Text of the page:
Thursday, November 5-th, AB-635 at 2:30 pm
Prof. Lynda Wiest
Department of Educational Specialties
University of Nevada, Reno
Current Status of Females in Mathematics
Abstract: This presentation will provide summarized data on lingering areas of concern for females in mathematics, including achievement on standardized tests and in the highest levels of mathematics performance, participation in mathematics (e.g., competitions, higher-level coursework, careers), mathematics-related dispositions, and treatment by teachers, parents, and society.
Thursday, October 22-nd, AB-635 at 2:30 pm
Prof. Aidan Sims
School of Mathematics & Applied Statistics
University of Wollongong
AF graph C*-algebras
Abstract: Graph algebras and Exel-Laca algebras are closely related generalisations of Cuntz-Krieger algebras to the situation of infinitely many generators, and ultragraph C*-algebras are a common generalisation of the two. It has recently been shown that the three classes coincide up to Morita equivalence; however, up to isomorphism, neither of the classes of graph algbras and Exel-Laca algebras is a sub-class of the other, and each is a strict sub-classe of ultragraph algebras.
In this talk we discuss the question of which AF algebras are isomorphic to graph C*-algebras, to Exel-Laca algebras and to ultragraph algebras. Our results are strong enough to give a complete answer to this question for simple AF algebras, and also to characterise exactly which AF algebras are isomorphic to the C*-algebra of a row-finite graph with no sinks.
Thursday, October 15-th, AB-635 at 2:30 pm
Prof. Andrew Toms
Department of Mathematics & Statistics
Title: Dynamics, C*-algebras, and K-theoretic rigidity
Abstract: Dynamics provides some of the most interesting and ubiquitous examples in the theory of operator algebras. It is typically difficult, however, to understand their fine structure. A conjecture of Elliott (c. 1990) predicts that the C*-algebras associated to minimal dynamical systems on compact metric spaces (among others) will be classified up to isomorphism by their K-theory and tracial state spaces. In the case of uniquely ergodic systems, K-theory alone should suffice. In this talk I will explain how characteristic class obstructions can be used to prove that the conjecture can only hold for metric spaces of finite covering dimension. Modulo this necessary condition, I will present the solution of Elliott's conjecture in the uniquely ergodic case. (Joint work with Wilhelm Winter.)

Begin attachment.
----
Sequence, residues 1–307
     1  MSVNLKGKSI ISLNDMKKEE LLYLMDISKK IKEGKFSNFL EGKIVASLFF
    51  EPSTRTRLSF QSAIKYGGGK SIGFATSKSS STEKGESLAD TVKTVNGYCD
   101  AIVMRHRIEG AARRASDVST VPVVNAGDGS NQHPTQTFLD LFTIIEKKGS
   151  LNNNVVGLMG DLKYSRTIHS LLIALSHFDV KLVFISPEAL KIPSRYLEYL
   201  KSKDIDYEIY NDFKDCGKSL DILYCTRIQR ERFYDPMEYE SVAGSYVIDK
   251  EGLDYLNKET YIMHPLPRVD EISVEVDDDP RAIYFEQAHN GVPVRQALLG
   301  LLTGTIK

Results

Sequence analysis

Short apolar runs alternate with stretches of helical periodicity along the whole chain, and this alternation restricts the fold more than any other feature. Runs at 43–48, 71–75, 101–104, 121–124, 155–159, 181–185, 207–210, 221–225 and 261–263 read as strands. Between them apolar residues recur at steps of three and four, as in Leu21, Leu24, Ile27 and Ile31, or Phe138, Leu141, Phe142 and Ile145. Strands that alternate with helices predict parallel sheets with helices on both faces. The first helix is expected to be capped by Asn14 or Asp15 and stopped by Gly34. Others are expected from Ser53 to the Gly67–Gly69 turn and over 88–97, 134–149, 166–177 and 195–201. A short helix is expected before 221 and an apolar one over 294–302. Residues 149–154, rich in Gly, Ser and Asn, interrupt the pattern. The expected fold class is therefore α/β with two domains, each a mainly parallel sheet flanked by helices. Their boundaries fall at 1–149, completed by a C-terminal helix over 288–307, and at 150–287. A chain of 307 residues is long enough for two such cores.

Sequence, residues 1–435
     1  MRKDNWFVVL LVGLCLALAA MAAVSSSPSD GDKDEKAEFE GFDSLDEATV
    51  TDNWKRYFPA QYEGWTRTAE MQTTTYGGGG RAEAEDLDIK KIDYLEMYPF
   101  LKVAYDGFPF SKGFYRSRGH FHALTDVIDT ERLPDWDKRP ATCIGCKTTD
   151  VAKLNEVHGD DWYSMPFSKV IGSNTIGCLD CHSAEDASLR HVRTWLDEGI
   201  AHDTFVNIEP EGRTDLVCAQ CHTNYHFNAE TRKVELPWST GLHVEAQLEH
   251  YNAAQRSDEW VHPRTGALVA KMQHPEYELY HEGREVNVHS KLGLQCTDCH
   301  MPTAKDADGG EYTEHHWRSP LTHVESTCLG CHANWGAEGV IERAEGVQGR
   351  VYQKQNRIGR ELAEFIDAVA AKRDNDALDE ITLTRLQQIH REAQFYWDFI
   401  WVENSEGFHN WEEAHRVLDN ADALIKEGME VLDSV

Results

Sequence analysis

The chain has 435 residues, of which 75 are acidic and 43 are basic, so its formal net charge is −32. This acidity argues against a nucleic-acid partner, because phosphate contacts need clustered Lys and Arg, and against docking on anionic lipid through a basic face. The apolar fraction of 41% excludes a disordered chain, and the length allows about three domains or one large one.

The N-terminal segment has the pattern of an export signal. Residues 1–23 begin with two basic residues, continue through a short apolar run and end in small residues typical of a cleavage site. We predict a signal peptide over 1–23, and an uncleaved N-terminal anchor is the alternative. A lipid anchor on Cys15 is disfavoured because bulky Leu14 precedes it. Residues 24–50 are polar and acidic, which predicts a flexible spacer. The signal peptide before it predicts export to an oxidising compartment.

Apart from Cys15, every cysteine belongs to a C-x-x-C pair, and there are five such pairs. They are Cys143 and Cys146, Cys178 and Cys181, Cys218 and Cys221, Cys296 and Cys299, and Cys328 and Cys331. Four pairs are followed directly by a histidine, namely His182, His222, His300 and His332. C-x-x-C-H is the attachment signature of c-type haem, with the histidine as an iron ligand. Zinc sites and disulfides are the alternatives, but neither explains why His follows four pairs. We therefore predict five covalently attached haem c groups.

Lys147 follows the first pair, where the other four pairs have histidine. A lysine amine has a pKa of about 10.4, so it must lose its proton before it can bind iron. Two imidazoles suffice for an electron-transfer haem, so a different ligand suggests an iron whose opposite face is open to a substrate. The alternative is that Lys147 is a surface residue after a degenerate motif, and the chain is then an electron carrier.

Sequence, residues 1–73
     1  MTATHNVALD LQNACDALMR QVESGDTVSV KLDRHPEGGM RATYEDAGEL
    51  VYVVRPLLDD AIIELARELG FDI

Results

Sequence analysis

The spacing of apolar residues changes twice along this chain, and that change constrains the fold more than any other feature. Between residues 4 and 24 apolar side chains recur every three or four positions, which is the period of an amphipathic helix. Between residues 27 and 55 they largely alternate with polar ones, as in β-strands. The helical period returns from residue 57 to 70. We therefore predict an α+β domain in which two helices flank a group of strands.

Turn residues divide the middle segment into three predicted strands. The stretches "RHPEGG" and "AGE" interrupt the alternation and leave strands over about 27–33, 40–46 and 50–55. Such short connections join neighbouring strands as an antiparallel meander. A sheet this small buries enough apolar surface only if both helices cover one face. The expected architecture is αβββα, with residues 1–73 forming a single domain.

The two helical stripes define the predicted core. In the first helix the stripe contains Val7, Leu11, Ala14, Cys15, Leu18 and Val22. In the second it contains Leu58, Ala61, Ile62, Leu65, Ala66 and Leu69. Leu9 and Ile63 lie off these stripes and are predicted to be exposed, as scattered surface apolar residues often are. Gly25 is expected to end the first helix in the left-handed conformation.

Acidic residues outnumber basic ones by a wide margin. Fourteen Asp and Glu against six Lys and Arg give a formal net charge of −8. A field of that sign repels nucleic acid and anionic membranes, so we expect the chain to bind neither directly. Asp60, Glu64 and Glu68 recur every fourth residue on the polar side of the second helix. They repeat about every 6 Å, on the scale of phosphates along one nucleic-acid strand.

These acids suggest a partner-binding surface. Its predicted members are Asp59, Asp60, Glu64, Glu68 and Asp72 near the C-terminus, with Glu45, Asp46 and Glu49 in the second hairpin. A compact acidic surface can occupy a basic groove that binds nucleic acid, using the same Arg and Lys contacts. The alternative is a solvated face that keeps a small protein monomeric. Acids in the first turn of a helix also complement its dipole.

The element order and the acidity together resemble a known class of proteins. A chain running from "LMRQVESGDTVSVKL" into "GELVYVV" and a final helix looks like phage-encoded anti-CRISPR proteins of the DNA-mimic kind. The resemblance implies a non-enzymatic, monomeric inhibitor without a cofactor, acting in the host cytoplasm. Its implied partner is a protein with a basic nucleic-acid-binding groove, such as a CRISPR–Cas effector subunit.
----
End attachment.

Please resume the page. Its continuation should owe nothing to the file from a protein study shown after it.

Wednesday, October 14-th, Knowledge Center 107 at 6 pm
The Math Club presents:
Prof. Thomas Nickles
Department of Philosophy
University of Nevada, Reno
The "Free Will Theorem"
Abstract (Supplied by T.J. Gaffney): The "Free Will Theorem" is a recently proven theorem by John Conway and Simon Kochen that states that if humans have free will then so do elementary particles. Without getting into the details of the proof, we will be discussing the philosophical aspects of the theorem,
including the historical role of free will in science and the theorem's implication on this role. Dr. Thomas Nickles, a philosophy of science professor, will giving a presentation. Additionally, we will be showing videos of two of John Conway's six lectures about the theorem. For those who are interested, there will be more in depth material available about the details of this historic proof.
Thursday, October 8-th, AB-635 at 2:30 pm
Prof. Inmaculada Aban
Department of Biostatistics
University of Alabama at Birmingham
Is Biostatistics for you?
Abstract: Check out and see if a career is Biostatistics is for you. Learn about Biostatistics, how you can become a biostatistician and the skills you need to be successful in the field. Find out what lies ahead after you get your degree, where you can work and how much you can possibly make. The Biostatistics Graduate Program at the University of Alabama at Birmingham will be discussed including how our program differs from other programs and the educational and research opportunities available to our students.